In the first game, Bradley had James at free safety, but after seeing James talent on display, he decided that he needed to move one of his best playmakers closer to the ball. James moved to the strong safety position and was asked to play many different roles. It didn’t matter where he was asked to line up, slot corner, defensive line, linebacker, safety - he produced results. His excellent play helped fill the void that was being felt by Bosa’s absence. This move, while allowing James to make a bigger impact, has left the Chargers vulnerable on the backside as Addae has struggled to make key stops at the free safety position.

Kyzir White was lost to a knee injury in the 3rd game of the season. That was a big blow for the Chargers, as White was playing lights out at linebacker. It was, however, one of the first dominoes to fall that would lead to a great discovery for the Chargers.

Week Six found Jatavis Brown on the injury list and unable to play on Sunday. With White gone, this left the Chargers extremely thin at linebacker. Then came one of Bradley’s best moves of the season: He moved safety Adrian Phillips into that spot. Phillips stepped up to the challenge and has been amazing in that position, earning himself an invitation to the pro bowl.

As Bosa’s injury dragged on, the Chargers began rotating players along the defensive line trying to find something that worked. No single player stood out, so the Chargers continued to rotate players in and out of the defensive line. This helped keep this unit fresh and developed multiple linemen. Square, Philon, Rochell, and Jones have all played well while rotating through the line.

In Week 10, they tried something new with Nwosu, putting him into Bosa’s defensive end spot on 3rd down. Nwosu responded with 7 quarterback pressures and an 86.7 PFF rating. With Bosa returning the next week, this posed another problem for Bradley: How was he going to keep Nwosu involved? His solution has been to play Melvin Ingraam, Joey Bosa, and Uchenna Nwosu all on the line in obvious third down passing situations.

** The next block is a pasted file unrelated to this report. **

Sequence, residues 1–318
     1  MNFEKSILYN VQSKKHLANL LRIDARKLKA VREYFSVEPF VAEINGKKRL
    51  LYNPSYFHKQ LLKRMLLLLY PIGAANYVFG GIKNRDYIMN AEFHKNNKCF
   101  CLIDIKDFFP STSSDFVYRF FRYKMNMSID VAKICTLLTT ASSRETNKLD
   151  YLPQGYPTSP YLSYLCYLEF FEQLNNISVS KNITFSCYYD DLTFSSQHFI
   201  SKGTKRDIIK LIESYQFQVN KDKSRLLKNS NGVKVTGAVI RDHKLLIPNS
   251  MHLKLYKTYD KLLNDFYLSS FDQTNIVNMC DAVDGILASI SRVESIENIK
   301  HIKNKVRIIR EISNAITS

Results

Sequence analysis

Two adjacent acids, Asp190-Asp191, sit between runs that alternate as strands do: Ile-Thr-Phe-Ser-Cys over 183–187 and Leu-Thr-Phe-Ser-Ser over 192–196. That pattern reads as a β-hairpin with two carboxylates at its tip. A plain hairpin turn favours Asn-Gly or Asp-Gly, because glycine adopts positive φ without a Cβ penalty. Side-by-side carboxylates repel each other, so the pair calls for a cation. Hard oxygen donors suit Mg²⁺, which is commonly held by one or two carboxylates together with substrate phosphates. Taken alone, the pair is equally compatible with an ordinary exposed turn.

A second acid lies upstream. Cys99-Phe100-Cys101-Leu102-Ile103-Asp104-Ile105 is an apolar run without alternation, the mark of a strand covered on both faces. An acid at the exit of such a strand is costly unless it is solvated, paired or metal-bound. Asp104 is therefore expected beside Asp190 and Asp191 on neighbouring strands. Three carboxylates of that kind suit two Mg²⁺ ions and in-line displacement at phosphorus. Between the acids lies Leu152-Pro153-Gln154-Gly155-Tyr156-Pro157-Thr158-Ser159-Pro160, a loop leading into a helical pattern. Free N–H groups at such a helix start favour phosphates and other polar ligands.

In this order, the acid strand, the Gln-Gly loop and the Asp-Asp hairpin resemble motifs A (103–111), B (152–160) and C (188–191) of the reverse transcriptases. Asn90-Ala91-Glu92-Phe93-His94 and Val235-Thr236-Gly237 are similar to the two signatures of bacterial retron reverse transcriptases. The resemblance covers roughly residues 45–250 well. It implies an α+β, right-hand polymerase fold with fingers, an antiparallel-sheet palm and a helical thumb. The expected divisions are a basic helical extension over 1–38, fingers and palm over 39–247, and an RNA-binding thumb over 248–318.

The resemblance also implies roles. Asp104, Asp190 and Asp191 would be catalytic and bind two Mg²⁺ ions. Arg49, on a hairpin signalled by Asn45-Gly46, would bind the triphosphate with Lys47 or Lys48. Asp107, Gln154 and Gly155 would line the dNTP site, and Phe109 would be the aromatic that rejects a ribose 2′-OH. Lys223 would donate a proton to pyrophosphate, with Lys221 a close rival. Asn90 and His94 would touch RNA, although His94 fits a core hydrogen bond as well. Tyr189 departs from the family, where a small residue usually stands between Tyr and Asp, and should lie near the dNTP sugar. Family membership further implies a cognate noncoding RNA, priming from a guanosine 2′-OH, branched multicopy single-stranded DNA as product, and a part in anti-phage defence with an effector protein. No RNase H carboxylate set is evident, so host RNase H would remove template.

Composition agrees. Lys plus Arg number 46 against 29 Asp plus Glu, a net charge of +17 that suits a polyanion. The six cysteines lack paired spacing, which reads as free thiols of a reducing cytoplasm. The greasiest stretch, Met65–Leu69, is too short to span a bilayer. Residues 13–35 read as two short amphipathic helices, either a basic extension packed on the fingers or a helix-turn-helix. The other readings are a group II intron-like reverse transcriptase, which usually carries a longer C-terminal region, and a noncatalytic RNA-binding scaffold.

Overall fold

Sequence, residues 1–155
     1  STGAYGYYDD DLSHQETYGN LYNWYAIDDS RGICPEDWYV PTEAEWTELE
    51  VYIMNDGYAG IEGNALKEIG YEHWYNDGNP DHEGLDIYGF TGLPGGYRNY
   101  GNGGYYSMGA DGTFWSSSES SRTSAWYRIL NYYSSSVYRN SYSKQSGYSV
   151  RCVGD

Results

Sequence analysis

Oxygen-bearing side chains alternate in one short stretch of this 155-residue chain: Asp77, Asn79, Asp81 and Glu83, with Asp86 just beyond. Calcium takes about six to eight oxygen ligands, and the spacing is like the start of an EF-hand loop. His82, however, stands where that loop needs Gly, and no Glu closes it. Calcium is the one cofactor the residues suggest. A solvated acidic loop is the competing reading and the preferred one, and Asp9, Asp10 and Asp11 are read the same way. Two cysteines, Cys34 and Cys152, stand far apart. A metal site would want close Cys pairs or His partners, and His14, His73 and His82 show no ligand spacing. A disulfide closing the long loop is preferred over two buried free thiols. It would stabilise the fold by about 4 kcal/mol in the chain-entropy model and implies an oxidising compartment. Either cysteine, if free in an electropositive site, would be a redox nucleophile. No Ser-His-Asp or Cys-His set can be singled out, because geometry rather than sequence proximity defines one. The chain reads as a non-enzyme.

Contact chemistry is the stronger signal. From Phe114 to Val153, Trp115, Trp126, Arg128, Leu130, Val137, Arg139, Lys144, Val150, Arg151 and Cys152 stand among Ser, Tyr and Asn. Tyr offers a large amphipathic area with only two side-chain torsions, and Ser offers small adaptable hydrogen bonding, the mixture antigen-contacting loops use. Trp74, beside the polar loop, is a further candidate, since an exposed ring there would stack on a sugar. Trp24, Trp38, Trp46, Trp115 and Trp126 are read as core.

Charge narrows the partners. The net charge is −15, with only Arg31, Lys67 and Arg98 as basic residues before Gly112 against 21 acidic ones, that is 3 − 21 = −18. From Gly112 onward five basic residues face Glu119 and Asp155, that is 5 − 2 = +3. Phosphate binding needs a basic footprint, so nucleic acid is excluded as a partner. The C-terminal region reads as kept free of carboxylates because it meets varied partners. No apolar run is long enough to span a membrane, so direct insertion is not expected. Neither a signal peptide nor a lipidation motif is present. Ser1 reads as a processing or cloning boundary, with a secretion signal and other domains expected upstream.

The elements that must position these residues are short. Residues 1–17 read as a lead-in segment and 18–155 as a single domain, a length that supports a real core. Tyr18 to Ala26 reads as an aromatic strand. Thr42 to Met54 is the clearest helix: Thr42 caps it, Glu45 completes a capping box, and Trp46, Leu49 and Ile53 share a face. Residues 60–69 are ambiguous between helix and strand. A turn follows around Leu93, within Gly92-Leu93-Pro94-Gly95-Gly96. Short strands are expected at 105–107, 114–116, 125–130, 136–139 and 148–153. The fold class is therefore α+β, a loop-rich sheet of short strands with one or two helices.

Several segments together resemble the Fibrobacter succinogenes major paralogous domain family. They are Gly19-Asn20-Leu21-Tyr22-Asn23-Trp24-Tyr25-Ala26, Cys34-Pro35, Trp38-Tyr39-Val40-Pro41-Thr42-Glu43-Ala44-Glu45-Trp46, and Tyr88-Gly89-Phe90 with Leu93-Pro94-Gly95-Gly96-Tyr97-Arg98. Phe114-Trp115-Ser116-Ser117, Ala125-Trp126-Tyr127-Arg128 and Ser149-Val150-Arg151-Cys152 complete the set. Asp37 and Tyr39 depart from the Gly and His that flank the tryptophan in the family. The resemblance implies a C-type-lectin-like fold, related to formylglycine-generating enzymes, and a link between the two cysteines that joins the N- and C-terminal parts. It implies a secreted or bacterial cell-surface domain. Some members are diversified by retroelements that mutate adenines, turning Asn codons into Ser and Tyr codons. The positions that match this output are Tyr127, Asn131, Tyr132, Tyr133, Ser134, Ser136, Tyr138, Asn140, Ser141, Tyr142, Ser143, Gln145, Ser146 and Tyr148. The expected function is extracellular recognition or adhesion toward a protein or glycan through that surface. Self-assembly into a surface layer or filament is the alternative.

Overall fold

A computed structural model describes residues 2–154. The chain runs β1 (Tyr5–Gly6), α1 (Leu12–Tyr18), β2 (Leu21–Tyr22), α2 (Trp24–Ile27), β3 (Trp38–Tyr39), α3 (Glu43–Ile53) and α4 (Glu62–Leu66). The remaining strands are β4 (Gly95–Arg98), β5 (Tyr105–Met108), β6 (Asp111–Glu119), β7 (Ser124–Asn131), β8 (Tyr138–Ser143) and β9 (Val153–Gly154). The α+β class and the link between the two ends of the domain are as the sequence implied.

Another surprise has been Michael Davis. At the beginning of the season, no one was talking about him. During the season, Trevor Williams fell out of favor and was replaced by Davis. It seemed like an odd move at the time, but Davis is evolving into a top cornerback.

In the Week 15 game against the Chiefs, we saw the culmination of what had been evolving over the season. It was not what we had expected at the beginning of the season. It was not Bradley’s 4-3 scheme. The Chargers played a 4-2 defense the entire game with Phillips in the linebacker role. I’m not even sure this has a name. It’s a dime package in a nickel setup. Call it whatever you want, but I call it genius. It’s a coach finding a way to get his best playmakers on the field.

Even though this is not the defense we thought we would see on draft day, Bradley has done a great job in developing talent and getting his playmakers on the field. The beauty of this defense is that it is almost custom-tailored to defend against a pass-happy league including teams like the Chiefs, Patriots, Rams, and Saints. The downside in giving up the extra linebacker and size at the position, is the vulnerability to a power running game, like the Ravens. This week will be a test for this evolving defense, but if they pass this test, they should be set up for a deep playoff run.